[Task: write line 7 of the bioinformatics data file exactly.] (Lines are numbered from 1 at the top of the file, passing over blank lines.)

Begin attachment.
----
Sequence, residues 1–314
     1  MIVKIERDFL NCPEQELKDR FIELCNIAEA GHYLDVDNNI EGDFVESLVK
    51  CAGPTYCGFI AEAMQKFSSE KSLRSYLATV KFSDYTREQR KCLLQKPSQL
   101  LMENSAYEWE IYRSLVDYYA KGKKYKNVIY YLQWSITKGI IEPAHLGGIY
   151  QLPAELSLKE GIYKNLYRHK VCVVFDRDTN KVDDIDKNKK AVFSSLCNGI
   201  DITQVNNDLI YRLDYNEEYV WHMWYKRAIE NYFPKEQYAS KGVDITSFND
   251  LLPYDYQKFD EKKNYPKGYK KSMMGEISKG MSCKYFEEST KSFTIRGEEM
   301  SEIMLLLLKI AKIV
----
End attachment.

   251  LLPYDYQKFD EKKNYPKGYK KSMMGEISKG MSCKYFEEST KSFTIRGEEM